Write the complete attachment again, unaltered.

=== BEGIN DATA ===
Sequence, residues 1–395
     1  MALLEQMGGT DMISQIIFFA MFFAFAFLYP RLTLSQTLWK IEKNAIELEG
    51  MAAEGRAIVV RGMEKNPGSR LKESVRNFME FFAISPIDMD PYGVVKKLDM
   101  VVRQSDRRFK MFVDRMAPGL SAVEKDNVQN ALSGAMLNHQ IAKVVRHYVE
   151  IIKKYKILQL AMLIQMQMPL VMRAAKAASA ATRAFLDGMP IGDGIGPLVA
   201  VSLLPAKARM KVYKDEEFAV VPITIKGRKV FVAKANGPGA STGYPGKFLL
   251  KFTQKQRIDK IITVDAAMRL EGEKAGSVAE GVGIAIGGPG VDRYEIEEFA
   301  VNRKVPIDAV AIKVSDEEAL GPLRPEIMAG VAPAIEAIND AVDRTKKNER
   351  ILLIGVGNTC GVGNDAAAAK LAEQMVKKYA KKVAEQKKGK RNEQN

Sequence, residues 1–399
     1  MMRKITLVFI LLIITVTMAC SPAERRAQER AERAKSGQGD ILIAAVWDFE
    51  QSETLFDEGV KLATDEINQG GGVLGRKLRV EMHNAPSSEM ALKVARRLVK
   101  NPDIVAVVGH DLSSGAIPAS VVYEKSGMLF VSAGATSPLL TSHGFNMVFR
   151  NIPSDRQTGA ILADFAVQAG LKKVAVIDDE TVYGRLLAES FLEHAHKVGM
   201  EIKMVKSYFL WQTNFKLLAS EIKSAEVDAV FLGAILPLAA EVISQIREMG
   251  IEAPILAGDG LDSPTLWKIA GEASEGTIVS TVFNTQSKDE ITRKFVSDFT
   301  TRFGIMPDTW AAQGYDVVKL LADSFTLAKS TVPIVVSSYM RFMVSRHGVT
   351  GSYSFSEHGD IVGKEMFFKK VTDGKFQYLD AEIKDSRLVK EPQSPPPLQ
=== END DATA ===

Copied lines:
Sequence, residues 1–395
     1  MALLEQMGGT DMISQIIFFA MFFAFAFLYP RLTLSQTLWK IEKNAIELEG
    51  MAAEGRAIVV RGMEKNPGSR LKESVRNFME FFAISPIDMD PYGVVKKLDM
   101  VVRQSDRRFK MFVDRMAPGL SAVEKDNVQN ALSGAMLNHQ IAKVVRHYVE
   151  IIKKYKILQL AMLIQMQMPL VMRAAKAASA ATRAFLDGMP IGDGIGPLVA
   201  VSLLPAKARM KVYKDEEFAV VPITIKGRKV FVAKANGPGA STGYPGKFLL
   251  KFTQKQRIDK IITVDAAMRL EGEKAGSVAE GVGIAIGGPG VDRYEIEEFA
   301  VNRKVPIDAV AIKVSDEEAL GPLRPEIMAG VAPAIEAIND AVDRTKKNER
   351  ILLIGVGNTC GVGNDAAAAK LAEQMVKKYA KKVAEQKKGK RNEQN

Sequence, residues 1–399
     1  MMRKITLVFI LLIITVTMAC SPAERRAQER AERAKSGQGD ILIAAVWDFE
    51  QSETLFDEGV KLATDEINQG GGVLGRKLRV EMHNAPSSEM ALKVARRLVK
   101  NPDIVAVVGH DLSSGAIPAS VVYEKSGMLF VSAGATSPLL TSHGFNMVFR
   151  NIPSDRQTGA ILADFAVQAG LKKVAVIDDE TVYGRLLAES FLEHAHKVGM
   201  EIKMVKSYFL WQTNFKLLAS EIKSAEVDAV FLGAILPLAA EVISQIREMG
   251  IEAPILAGDG LDSPTLWKIA GEASEGTIVS TVFNTQSKDE ITRKFVSDFT
   301  TRFGIMPDTW AAQGYDVVKL LADSFTLAKS TVPIVVSSYM RFMVSRHGVT
   351  GSYSFSEHGD IVGKEMFFKK VTDGKFQYLD AEIKDSRLVK EPQSPPPLQ